Climate Change in the Courts

by Daniel Farber

April 02, 2018

There are three important climate lawsuits pending in federal court. Here's the state of play and what to expect next.

In the first case, Oakland and San Francisco sued leading oil companies. They claim that the companies' production and sale of fossil fuels is a public nuisance under California state law. They seek an abatement fund to pay for sea walls and other infrastructure needed to address rising sea levels. This lawsuit was originally filed in California state court, but the defendants filed a motion to remove to federal court.

The federal judge ruled in favor of removal on the ground that the defendants' conduct fell under the federal common law of nuisance, not under state law. The judge certified that ruling for immediate appeal but did not stay proceedings in the trial court. The judge also rejected the argument that the federal common law in this case had been displaced by the Clean Air Act, as the Supreme Court had ruled regarding actions against power companies (as opposed to oil companies). As a next step, he directed the parties to present a tutorial on climate science. The most notable aspect of the tutorial turned out to be Chevron's embrace of mainstream climate science, in the form of the most recent IPCC report. The defendants are moving to dismiss the case on various grounds.

Marin County, San Mateo County, and the city of Imperial Beach filed a very similar case, which the oil companies also tried to remove to federal court. But the federal judge in that case ruled against them and remanded the case to state court. That's a non-appealable ruling because 28 U.S. Code § 1447(c) provides that "an order remanding a case to the State court from which it was removed is not reviewable on appeal or otherwise." The companies make a far-fetched argument that they are covered by an exception for allowing appeal in suits against federal officers, but it's hard to believe that will go anywhere. Big Oil has a lot of clout, but they're definitely not on the federal payroll. The federal judge has stayed the remand order temporarily to see whether the suit against the oil companies gets appealed.

If the state courts regain control of one or both of these cases, the California plaintiffs will have the benefit of a possibly more sympathetic forum and of California's plaintiff-friendly tort law. If the Ninth Circuit agrees with the first trial judge that the cases are validly brought under federal nuisance law, however, then they'll gain the right to proceed in federal court. Neither is a bad outcome from the plaintiff's point of view.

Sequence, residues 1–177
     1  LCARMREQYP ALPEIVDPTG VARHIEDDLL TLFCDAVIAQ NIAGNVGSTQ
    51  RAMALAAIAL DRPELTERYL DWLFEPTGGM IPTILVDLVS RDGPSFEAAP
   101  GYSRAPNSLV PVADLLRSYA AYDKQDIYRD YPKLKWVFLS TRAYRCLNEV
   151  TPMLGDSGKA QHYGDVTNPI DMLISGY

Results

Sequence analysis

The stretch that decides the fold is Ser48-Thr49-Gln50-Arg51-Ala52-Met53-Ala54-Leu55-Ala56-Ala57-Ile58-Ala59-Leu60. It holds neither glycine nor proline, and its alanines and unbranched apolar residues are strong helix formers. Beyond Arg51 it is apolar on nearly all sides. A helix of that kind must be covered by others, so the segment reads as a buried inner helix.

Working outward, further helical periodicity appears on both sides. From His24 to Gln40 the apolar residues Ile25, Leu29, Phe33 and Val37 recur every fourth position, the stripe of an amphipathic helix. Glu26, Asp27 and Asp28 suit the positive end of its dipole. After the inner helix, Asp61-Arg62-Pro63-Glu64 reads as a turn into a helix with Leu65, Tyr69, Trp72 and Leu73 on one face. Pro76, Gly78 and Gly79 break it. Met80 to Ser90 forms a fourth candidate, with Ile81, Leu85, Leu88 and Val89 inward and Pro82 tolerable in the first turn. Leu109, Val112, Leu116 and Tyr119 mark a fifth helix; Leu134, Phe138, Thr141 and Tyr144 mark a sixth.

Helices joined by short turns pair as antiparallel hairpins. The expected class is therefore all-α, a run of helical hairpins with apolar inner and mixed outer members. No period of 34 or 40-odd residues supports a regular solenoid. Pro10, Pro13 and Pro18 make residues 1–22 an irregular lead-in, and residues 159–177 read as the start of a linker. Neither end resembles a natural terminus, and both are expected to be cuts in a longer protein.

The third case is quite different. The lead plaintiffs are children who claim that, through its actions promoting fossil fuels, the federal government is depriving them of their due process rights to life, liberty, and property as well as violating its duties under the public trust doctrine regarding the territorial seas and other natural resources. In a surprise ruling, the federal district judge held that the case did not present a political question, that the plaintiffs had standing, and that plaintiffs' cause of action was adequate to survive a motion to dismiss. The Ninth Circuit rejected the government's effort to overturn this ruling, while leaving open the possibility of a later appeal. The parties are currently negotiating over document disclosure. It's difficult to believe that the present Supreme Court would accept the plaintiffs' legal theories, if the cases ever get that far. But the plaintiffs now seem likely to get their day in court in order to try to prove their claims.

The plaintiffs in all three cases face numerous procedural and substantive obstacles between now and any final ruling in their favor. There are unresolved jurisdictional issues in the federal nuisance case. Assuming the state nuisance case returns to state court, that court will have to consider whether to give an expansive reading to state tort law. There will also be claims that the state court lacks jurisdiction over the non-California defendants, which is definitely arguable given the Supreme Court's current crabbed view of state court jurisdiction. And if the cases get that far, the plaintiffs will have to come up with a convincing remedial proposal.

Nevertheless, the fact that these cases are still alive and kicking isn't good news for the defendants. There's always the chance that the plaintiffs will beat the odds and win, with monumental consequences. The longer the litigation lasts, the more nervous investors and insurance companies will become about the potential liability threat. And in the meantime the plaintiffs may be able to get access to embarrassing information, put the defendants on the spot to justify their actions, and get a very public platform for themselves. Even though you'd still have to consider all of these lawsuits long shots, they are far from being insignificant.

Cross-posted from Legal Planet.

Tagged as: California Big Oil
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Daniel A. Farber is the Sho Sato Professor of Law, Director of the California Center for Environmental Law and Policy, and Chair, Energy & Resources Group, University of California, Berkeley.

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